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  • #13
    Hey Ben, take your point mate, but I'm better than 80k from the nearest kebab shop, that's if there is one in Kingaroy.

    I like the buckets coz I can take them with me when I'm scrapping cars at my mates yard. Great for tossing all the nuts and bolts and other small bits in. The rest just goes in the back of the ute to be sorted when I get home.


    • #14
      I was thinking of knocking up some bins out of pallet wood. I'm not sure if make them completely out of wood, that might be too heavy. Instead maybe a wooden frame with a thinner 'skin'? I was thinking of thin sheets of plywood or that plastic they make real estate signs out of. Not sure if there a good scrap ( ie free) source of the stuff, though.


      • Tybo
        Tybo commented
        Editing a comment
        The stuff you're thinking of is called coreflute. Any sign company will have plenty of offcuts of it that they will be literally chucking out. We use it by the tonne where I work and recycled heaps of leftovers. It makes excellent packing material too, so any packing company would have some also. I know they have it for sale at Bunnings, but it's not cheap.

      • tvhunter
        tvhunter commented
        Editing a comment
        Thanks Tybo, knowing what it's called will make it a lot easier to find if I go that way

    • #15
      If your going that way then why not just your standard frame & bag?
      Could be a fun welding project, maybe you could get someone at uni to bend some steel, do uni's still have workshops?

      anyway yeah, the bag & rack system might work for you as you can just tie up and throw them into your vehicle, tip it into bins at the scrap yard.

      How big you make the frame is obviously going to depend on the bags you can get, I might look around where to get small bags, large e-waste buyers prefer boards in bulka bags, they will give them to you for free to use and return when full, bulka bags are huge, might have to buy small bulka bags.

      But the frame would be simple, light weight and in bags your stuff will be very portable.

      Here's a couple examples of frame design that might give you an idea.

      Just pop a bag over.. Click image for larger version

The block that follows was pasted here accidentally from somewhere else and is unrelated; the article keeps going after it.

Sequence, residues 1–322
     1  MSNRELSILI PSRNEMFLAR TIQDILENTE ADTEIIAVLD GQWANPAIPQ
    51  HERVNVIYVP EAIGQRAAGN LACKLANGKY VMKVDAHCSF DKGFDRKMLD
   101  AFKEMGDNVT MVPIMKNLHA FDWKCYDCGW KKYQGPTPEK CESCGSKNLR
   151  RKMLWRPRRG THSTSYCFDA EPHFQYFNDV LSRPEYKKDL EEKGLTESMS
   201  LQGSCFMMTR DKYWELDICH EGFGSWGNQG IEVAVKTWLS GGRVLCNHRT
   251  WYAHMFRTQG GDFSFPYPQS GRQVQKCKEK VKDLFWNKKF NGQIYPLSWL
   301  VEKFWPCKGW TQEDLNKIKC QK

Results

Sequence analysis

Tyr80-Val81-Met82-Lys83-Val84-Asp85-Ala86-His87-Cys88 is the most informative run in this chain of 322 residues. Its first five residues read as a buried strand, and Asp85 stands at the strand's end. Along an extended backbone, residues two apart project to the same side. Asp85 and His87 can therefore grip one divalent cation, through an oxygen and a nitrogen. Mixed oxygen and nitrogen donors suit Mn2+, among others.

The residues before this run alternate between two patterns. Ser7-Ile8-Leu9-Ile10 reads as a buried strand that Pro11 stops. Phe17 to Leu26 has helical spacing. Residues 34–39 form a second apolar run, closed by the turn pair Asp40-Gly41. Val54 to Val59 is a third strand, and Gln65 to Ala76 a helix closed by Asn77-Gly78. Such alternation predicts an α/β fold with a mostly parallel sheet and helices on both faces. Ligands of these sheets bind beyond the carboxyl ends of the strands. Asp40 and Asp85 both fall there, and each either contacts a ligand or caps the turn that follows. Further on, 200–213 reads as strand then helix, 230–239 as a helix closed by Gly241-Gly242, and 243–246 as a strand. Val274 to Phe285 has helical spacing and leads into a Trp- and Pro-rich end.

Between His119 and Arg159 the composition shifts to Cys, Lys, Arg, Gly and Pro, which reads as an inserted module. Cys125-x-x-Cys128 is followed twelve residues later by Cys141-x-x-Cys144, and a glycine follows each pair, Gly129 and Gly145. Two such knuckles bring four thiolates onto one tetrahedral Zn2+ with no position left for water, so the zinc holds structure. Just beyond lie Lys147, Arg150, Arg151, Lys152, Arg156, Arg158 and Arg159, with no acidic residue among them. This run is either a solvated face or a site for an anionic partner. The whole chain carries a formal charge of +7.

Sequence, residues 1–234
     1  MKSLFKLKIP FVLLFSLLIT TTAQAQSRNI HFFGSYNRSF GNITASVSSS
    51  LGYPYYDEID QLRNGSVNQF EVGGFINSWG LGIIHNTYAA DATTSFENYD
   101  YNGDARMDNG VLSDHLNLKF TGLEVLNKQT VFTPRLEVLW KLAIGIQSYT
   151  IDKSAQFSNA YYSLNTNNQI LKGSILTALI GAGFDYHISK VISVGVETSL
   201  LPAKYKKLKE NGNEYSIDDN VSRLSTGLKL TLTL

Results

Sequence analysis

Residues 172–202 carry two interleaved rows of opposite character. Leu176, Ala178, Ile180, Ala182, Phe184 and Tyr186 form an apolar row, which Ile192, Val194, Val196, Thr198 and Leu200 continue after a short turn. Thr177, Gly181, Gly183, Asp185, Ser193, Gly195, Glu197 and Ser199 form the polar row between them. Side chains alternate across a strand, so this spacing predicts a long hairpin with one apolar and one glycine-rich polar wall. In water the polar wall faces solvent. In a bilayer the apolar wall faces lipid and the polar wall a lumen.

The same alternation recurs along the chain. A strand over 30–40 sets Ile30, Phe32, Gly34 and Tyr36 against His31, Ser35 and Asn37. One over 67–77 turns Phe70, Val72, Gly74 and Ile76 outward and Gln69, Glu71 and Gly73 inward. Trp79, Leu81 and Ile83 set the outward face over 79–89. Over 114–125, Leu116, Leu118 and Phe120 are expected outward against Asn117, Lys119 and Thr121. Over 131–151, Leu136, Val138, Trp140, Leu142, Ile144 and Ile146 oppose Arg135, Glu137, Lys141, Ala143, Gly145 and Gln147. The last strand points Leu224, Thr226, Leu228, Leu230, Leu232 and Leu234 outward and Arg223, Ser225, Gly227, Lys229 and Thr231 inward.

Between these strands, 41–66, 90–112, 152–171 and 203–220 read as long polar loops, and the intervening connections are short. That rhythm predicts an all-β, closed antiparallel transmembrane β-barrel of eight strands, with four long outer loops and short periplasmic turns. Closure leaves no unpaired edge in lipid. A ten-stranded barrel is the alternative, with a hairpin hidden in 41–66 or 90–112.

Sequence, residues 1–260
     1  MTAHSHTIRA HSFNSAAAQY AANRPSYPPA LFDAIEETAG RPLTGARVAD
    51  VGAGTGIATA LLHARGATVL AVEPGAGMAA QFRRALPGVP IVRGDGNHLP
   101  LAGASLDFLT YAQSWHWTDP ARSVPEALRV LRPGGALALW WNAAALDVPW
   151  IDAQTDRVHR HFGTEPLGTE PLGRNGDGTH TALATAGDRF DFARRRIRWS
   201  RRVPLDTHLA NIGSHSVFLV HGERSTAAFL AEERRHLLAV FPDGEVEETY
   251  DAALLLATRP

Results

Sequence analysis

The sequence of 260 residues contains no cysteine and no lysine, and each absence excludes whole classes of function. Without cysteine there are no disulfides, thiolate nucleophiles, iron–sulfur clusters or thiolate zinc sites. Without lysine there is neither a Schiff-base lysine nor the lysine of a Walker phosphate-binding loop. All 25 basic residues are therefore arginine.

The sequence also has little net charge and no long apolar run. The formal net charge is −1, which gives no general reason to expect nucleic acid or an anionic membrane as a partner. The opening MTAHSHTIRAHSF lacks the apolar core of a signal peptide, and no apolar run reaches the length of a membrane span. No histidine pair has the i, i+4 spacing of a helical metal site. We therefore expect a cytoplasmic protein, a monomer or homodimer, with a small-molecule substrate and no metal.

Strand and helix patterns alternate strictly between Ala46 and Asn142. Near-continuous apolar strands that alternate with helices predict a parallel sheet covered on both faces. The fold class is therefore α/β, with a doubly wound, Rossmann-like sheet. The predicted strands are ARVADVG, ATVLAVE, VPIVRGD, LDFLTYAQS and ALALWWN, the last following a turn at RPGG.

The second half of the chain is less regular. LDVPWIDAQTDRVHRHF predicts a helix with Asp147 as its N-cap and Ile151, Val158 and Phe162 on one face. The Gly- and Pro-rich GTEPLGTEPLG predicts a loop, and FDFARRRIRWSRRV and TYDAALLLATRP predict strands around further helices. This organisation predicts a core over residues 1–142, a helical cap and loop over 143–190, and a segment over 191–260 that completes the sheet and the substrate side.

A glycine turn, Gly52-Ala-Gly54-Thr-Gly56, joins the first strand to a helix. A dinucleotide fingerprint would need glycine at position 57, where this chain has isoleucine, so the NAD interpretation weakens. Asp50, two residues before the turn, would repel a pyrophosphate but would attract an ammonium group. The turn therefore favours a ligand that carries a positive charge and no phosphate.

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      This one the frame collapses, might be good after you empty the bags, you may not need all your frames at once. Click image for larger version

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      probably too big to handle this one.. Click image for larger version

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      Buying eWaste link here


      • #16
        Damn, I see those things at work every time I'm there (they use them for linen collection etc) and never thought of doing that. It'd be a great idea if I could get a line on the bags, or even just sturdy fabric to make my own (gotta do something with the sewing machine I picked up off someone's junk pile).

        They'd work great for cables, and copper etc. I'd probably still need something rigid for things like extruded ally (those heatsinks can be sharp), motors and steel.

        Yeah, they still have a workshop at uni - there's a bitching lathe in there I like to gazed at through the window. I don't think think I've ever seen anyone use the workshop, mind.

        Edit: maybe I should find out who's in charge of the workshop and visit his office with a six-pack...


        • #17
          I use milk crates for motors, they stack easy, I get about 8 vac' motors in and fill the crate up with small transformers, same as hard drives, 34 h/d's to a crate.
          for steel there's nothing worthwhile unless you have a forklift, I do lots of steel and all by hand, it's the only way.

          Oh yeah I used to work for alsco linen, yeah you can go in to one of them linen places and ask for some old bags that need string ties etc.
          the strongest and best bags are aussie post material bags, they are thick and tuff as, you can go into a larger post office and ask for a couple each time because your mailing a heap of parcels etc.
          Buying eWaste link here


          • #18
            Yeah, I currently have my motors and heatsinks in milk-crates, but I need to line them with something to stop the small ones falling out.

            With the steel, I really just want it kept neat while it's here. For me right now, it's more a by-product that needs to be disposed of responsibly than something I specifically want.


            • #19
              Where do you get milk crates (for free) ?


              • #20
                Anything. Old paint tins, booze boxes, milk crates whatever I can scavange. I'm very small scale though.